Dr. Tara Moriarty inspired and led hundreds of health care experts and professionals to provide online daily vaccine information sessions to thousands of people, on a volunteer basis, and to provide a safe space for people to ask questions and receive information about vaccines, grounded in evidence. Her dedication, compassion and deep commitment to public education is extraordinary. Dr. Moriarty has also researched sub-populations who have relatively lower rates of vaccination and has worked tirelessly to reach them with accurate vaccine information and to provide them with an opportunity to ask questions and get fulsome answers. Her work to reduce vaccine hesitancy and counter medical misinformation is inspiring. We are proud to name her as the recipient of the Ethel Meade Award for excellence in research that has made a crucial contribution to public health care.
The Daniel Benedict Award awarded to Ed Cashman, Mary Catherine McCarthy, Nancy Parker and Kevin Skerrett
Daniel Benedict was awarded the Order of Canada in 1998 for his many contributions for social justice, public health care, justice for seniors, workers’ rights and education, and as a tireless advocate in the cause of international solidarity and global equity. He served as co-chair of the Ontario Health Coalition and was a founding member. Dan made inspiring contributions to workers’ education in Latin America and in Canada, and he is remembered around the globe for his contribution to social justice in North America, Latin America and Europe.
The Daniel Benedict Award is given annually to the person or persons who – working with one of the local health coalitions – best embodies Dan Benedict’s spirit of extraordinary community activism and commitment to the protection and extension of Public Medicare.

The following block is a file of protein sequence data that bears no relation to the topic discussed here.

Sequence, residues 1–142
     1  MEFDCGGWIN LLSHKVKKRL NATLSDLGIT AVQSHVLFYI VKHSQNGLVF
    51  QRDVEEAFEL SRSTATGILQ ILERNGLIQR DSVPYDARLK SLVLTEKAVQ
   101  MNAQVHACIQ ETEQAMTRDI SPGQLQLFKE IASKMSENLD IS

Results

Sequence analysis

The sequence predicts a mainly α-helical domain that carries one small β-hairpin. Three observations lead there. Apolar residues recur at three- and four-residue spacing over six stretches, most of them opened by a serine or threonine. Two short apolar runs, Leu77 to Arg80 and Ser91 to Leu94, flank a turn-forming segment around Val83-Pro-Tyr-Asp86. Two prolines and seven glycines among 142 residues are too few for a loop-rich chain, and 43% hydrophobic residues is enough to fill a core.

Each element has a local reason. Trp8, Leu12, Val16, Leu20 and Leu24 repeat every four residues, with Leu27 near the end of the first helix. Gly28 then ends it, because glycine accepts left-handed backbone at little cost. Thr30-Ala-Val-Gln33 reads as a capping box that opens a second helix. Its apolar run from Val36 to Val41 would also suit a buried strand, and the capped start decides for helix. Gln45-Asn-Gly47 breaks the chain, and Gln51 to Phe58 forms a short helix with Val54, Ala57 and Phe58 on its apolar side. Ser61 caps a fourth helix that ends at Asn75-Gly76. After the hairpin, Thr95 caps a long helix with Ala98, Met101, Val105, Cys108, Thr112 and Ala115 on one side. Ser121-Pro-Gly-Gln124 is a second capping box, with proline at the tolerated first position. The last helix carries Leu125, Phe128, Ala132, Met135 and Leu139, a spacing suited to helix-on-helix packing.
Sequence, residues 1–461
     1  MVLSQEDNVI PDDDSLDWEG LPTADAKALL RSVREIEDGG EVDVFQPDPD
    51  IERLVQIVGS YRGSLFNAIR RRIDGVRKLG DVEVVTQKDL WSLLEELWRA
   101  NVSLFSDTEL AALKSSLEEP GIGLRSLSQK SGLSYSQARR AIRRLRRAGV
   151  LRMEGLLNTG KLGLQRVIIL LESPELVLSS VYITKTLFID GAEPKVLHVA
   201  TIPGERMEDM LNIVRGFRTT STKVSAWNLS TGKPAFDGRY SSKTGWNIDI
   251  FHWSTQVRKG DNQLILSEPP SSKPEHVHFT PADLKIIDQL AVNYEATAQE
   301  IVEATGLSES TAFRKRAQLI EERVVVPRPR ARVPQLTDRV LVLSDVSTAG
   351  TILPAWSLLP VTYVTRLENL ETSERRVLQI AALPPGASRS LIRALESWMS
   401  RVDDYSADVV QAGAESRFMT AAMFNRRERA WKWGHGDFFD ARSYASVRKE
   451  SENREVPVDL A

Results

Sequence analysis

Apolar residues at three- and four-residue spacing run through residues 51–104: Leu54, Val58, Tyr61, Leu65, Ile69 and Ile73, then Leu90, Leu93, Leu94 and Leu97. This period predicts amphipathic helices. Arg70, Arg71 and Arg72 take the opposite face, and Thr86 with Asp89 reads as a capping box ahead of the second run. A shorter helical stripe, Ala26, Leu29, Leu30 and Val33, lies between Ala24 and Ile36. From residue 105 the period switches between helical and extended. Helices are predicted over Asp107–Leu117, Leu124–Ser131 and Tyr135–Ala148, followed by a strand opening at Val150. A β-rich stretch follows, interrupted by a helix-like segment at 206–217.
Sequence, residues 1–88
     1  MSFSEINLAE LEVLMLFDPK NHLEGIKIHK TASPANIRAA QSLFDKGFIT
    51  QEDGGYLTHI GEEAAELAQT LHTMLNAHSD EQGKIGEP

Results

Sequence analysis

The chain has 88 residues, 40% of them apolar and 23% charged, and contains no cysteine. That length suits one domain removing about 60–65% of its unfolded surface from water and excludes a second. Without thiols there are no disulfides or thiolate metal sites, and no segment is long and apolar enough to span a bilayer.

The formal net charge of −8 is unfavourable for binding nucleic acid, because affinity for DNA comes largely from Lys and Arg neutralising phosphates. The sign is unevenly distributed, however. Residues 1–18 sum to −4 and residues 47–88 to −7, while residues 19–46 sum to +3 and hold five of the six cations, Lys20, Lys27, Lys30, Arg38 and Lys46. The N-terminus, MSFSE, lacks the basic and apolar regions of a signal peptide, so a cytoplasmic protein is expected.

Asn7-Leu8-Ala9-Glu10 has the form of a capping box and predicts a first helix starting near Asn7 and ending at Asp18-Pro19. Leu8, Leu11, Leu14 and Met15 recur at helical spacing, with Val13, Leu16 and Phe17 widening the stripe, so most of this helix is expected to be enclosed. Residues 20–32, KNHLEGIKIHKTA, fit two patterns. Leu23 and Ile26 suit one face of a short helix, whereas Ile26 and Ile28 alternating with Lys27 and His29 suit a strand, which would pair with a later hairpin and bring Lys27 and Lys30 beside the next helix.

Ed Cashman and Mary Catherine McCarthy, as the co-chairs of the Ottawa Health Coalition, have been instrumental in local organizing and have played an integral role in cross-province initiatives throughout the year. They have worked tirelessly to advocate for public health care and to remove profit from long-term care. They have shown extraordinary leadership in the Ontario Health Coalition and have been working to mobilize and support other local coalitions. Nancy Parker and Kevin Skerrett have worked extensively on the campaign to make public the for-profit long-term care chain Revera. They inspired and helped to lead a national movement to call on the federal Public Service Pension Investment Board to turn Revera over to public ownership and end for-profit long-term care. They have contributed significantly to the body of research and evidence regarding Revera’s horrific record of care during the pandemic. We are humbled by their voluntary commitment and dedication to protecting and improving public health care in their communities and in our country.